It's wonderful the young author was able to meet Jozef's granddaughter named Amanda who passed along his story. Amanda, Alanna and the young artist named Jennifer were able to preserve the story for future generations.

Amanda would like to speak in classrooms in the Quad Cities area to help educate students. If you know a teacher or you are a teacher interested in your class hearing this important story, please contact us today.  She will have copies of this book to sell by April 12.
Sincerely excited about storytelling,
Deb Bowen
Creator, A BOOK by ME
A BOOK by ME: Holocaust Series

True stories written by children for children


Teaching History, Tolerance, Courage, Compassion, Kindness, Perseverance, Integrity, Cooperation and more.
Announcing a new title in the A BOOK by ME series
#52 A Hidden Life
The story of Jewish survivor Michelle Rubovitz as told by
author/illustrator Chloe Marie Gosa of Rock Island, Illinois


This week we highlight our young author and illustrator Chloe Marie Gosa of Rock Island, Illinois. Chloe's grandmother is Dr. Marrietta Castle, a distinguished member of the Holocaust Education Committee of the Greater Quad Cities. Chloe's grand parents lived next door to the Rubovitz family in Rock Island for many years. She has known Michelle her entire life and it's an honor to tell her story through ABBM.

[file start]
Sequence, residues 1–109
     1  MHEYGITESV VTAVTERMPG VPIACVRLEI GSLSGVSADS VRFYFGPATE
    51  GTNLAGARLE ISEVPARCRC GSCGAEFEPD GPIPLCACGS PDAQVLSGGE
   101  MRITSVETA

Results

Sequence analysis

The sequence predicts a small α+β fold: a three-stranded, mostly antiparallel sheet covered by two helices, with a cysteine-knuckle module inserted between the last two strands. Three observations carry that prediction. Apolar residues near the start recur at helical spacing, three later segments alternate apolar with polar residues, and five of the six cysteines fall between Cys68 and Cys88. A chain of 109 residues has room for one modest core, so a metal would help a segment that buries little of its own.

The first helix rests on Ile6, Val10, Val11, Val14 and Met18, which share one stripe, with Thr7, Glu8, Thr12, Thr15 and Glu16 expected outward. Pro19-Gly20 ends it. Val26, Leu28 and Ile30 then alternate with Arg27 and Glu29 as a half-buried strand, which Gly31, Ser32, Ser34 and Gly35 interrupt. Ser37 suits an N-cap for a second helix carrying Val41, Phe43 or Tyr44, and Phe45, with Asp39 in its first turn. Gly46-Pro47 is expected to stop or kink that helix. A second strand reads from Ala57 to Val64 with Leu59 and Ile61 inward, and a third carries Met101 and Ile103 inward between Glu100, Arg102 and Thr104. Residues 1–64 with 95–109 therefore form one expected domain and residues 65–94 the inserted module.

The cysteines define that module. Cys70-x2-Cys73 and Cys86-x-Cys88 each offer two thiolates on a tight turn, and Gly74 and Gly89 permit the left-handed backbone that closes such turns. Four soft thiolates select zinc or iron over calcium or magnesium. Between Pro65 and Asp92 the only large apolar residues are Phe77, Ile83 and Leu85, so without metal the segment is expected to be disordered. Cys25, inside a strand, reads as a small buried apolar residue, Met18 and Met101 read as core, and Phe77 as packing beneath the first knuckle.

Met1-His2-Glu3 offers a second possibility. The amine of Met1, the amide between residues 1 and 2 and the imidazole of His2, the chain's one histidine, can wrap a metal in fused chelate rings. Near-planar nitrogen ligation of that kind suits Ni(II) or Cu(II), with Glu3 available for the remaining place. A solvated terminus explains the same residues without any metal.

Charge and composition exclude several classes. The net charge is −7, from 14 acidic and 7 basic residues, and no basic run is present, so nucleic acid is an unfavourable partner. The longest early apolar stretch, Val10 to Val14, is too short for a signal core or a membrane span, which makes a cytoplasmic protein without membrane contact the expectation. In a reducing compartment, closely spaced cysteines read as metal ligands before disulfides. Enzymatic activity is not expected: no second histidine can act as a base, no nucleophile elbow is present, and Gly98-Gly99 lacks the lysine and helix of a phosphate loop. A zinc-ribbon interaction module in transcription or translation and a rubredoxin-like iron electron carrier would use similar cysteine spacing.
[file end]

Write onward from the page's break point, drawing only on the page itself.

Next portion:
Michelle and her husband, Rabbi Chuck Rubovitz, live in Joliet where he is Rabbi at Joliet Jewish Congregation. Grants are being written through the Jewish Federation of the Quad Cities this spring to put this book (and many others as well) into schools in Iowa and Illinois. If grants are received, these books will soon be in the hands of teachers and students.

Today we salute both Michelle and Chloe for telling this amazing story. Through her work at the public library, many students in the Quad Cities know Michelle.  The Holocaust will become more real to them when they read this book.
We encourage other young authors (especially those personally knowing survivor stories or having stories in their families) to embark on this amazing journey of writing the stories for future generations.

Michelle Trop Rubovitz
When Michelle Trop was born on June 2, 1938, her family was living in the small village of Orleanais, France located about 30 miles southwest of Lyon. Her parents, Sonia and Jacob Trop, had moved to southern France in 1936. Before that they lived in Grodno, Poland. Jacob's and Sonia's families had lived in Poland for many generations. Jacob's father, his grandfather, and all his uncles had been bakers there. Although Jacob made a living in Orleanais as a plumber, Michelle later recalled how good he was at baking because he grew up around bakers. She especially remembered that he made a wonderful jelly roll treat for Rosh Hashanah each year after the war.